Pacific Maritime Magazine - Marine Business for the Operations Sector



Earlier this year, Royal Dutch Shell Plc. announced an end to its arctic operations, after 10 years and $7 billion, citing, in part, “…the challenging, unpredictable federal regulatory environment in offshore Alaska.”

The Shell plan foresaw a long development time (15 years or more) but a payoff of more than 500 million BOE at a minimum. The BOE (Barrel of Oil Equivalent) is a unit of energy based on the approximate energy released by burning one barrel (42 US gallons) of crude oil.

It’s just as well, really. The US isn’t equipped to operate along its fourth coastline, nor will it be anytime in the next ten years.

More than half of the entire coastline of the United States is found in Alaska – 6,640 miles of a total 12,749 miles – 53 percent to be exact. Much of that is in the arctic, and in fact the roughly 1,000 miles of arctic coastline in Alaska would make it second only to Florida’s 1,350 miles of much warmer water. Washington, Oregon and California combined have fewer than 1,300 miles.

The US Coast Guard has a fleet of warm water vessels to cover the other three coasts, but only two icebreakers of any value in the arctic; Polar Star, a 40-year-old heavy icebreaker and Healy, a 17-year-old medium-duty ship. A new icebreaker to the same standards would be capable of breaking through two meters (6.5 feet) of ice at 3 knots, and capable of breaking ice of almost 7 meters (22 feet) by backing over it.

The US has several shipyards that could build a new icebreaker fleet, including General Dynamics/NASSCO in San Diego. A new icebreaker will require $1 billion and at least 5 years to build from the day a contract is signed. If Congress had authorized a new icebreaker back when Shell was making arctic exploration plans, we’d be Christening a new ship this year.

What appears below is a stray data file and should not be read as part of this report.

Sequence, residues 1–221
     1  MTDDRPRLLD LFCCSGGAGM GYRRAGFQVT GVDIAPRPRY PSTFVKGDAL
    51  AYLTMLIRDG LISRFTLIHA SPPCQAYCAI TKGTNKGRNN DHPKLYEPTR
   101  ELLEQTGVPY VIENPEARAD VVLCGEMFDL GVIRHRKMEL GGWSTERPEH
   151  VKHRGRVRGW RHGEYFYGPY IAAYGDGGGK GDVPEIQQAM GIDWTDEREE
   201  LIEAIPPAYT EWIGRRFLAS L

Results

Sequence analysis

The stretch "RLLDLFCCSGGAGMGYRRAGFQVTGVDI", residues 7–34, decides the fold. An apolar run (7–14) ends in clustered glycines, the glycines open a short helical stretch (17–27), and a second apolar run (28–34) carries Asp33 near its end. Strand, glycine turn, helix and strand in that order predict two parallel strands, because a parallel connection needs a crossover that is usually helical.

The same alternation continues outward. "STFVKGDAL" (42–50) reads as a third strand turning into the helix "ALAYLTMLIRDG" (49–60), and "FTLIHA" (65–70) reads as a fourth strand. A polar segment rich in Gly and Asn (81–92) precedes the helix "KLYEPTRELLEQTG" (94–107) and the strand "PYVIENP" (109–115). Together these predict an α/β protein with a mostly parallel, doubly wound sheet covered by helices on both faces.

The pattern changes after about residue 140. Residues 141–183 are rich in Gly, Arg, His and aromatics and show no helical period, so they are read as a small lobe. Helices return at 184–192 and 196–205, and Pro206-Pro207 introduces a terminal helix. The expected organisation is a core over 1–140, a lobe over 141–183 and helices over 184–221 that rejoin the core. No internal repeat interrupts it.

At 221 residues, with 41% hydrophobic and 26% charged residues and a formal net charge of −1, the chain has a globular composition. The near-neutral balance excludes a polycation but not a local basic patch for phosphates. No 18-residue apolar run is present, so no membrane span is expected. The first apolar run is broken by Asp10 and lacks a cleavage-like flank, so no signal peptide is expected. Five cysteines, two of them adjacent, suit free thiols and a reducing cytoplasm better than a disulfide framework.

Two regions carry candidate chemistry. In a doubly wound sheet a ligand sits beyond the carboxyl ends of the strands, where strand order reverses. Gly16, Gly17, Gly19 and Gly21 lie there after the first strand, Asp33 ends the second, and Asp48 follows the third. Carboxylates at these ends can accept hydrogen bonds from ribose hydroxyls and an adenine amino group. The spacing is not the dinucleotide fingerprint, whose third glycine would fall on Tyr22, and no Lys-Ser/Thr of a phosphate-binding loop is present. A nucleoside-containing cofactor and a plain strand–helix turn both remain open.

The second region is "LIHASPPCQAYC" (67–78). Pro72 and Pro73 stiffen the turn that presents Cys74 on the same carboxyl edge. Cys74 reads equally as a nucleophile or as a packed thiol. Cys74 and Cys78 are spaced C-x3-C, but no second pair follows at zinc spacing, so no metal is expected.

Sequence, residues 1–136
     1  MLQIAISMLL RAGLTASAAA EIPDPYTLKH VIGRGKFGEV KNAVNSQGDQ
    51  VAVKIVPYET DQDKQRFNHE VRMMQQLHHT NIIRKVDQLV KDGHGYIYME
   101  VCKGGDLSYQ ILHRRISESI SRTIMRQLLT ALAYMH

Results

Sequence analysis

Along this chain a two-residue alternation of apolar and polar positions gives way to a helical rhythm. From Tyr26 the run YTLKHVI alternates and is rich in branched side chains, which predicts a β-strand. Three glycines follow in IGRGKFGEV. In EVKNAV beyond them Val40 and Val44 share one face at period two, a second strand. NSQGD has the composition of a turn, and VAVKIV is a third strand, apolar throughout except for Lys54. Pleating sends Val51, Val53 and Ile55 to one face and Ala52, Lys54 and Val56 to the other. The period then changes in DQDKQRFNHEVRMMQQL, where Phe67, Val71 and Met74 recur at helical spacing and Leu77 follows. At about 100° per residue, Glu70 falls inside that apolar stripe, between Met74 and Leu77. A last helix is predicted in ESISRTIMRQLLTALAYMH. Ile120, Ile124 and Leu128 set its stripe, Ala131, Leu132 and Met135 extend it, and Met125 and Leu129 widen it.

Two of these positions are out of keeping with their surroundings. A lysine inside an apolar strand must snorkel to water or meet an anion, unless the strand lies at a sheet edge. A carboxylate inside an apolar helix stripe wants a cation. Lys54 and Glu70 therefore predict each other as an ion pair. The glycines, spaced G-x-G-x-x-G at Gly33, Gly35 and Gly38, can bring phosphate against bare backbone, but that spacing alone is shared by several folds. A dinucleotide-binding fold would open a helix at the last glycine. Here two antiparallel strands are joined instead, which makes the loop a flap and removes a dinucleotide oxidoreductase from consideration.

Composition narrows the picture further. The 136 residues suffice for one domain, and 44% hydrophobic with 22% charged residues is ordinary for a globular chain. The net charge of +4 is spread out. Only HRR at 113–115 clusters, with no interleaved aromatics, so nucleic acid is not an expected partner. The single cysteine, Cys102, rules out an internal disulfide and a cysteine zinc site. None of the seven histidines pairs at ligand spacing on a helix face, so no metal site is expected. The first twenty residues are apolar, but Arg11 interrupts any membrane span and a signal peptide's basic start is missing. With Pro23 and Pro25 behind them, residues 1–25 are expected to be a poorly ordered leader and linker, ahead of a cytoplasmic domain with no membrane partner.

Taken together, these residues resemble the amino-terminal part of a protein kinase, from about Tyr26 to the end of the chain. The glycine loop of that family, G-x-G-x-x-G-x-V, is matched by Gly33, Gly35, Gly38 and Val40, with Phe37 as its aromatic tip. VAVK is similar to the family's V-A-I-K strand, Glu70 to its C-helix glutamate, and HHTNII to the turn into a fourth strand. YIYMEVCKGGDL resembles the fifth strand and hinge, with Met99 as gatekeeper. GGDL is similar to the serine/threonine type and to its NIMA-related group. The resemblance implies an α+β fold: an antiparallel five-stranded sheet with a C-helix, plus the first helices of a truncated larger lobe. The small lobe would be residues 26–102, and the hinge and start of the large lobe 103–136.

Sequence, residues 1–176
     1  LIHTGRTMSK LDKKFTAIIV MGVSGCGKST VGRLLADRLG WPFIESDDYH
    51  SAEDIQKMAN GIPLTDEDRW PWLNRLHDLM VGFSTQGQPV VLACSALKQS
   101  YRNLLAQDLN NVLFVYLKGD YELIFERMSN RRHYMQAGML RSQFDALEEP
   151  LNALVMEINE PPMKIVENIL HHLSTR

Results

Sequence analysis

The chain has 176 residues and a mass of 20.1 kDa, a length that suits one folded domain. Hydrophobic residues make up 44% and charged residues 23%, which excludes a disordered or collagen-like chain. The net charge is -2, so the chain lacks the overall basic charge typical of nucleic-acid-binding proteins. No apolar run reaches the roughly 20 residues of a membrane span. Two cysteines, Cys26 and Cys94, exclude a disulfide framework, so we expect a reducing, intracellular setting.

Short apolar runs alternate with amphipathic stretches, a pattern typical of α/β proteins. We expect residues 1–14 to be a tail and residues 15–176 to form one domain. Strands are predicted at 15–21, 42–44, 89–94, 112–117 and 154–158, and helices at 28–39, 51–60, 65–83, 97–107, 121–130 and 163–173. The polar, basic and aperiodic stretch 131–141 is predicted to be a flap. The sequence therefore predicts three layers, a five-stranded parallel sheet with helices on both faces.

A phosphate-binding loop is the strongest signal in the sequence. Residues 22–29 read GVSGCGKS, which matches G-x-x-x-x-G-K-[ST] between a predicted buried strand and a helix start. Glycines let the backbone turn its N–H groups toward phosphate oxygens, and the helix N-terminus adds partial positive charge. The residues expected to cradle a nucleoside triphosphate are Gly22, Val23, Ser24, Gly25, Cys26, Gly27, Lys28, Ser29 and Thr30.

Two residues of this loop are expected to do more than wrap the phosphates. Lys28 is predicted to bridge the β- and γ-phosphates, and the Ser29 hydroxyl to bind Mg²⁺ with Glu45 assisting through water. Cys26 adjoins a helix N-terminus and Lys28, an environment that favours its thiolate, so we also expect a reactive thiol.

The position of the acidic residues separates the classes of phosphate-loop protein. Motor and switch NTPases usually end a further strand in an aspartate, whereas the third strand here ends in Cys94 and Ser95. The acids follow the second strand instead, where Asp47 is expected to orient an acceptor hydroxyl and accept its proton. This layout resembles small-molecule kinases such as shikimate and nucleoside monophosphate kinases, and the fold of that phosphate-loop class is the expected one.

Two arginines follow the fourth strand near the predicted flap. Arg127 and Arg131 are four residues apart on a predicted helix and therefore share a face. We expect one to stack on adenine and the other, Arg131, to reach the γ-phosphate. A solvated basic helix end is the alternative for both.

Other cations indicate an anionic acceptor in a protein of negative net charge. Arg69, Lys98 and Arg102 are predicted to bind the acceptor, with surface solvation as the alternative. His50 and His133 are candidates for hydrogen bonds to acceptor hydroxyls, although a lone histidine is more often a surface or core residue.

In September 2015 Arizona Senator John McCain scolded President Obama for turning a blind eye to Russia’s arctic advances while focusing on global warming. Earlier the President had announced his intention to accelerate, by two years, the acquisition of one heavy icebreaker to replace the Polar Star, making the acquisition a zero-sum situation. In order to meet President Obama’s 2020 deadline, the project should have started a year ago, when, in this same space, we were discussing Senator McCain’s insistence that the US doesn’t need shipbuilders.

The builders are available and the need is evident, but the political will is weak. Our icebreaking capability is, literally, on borrowed time. Meanwhile, Russia and China have newbuild, heavy icebreakers, in the pipeline or operational, to take advantage of as yet untold arctic wealth, as we sit by and watch them plan to carve up the arctic for themselves.

Chris can be reached at


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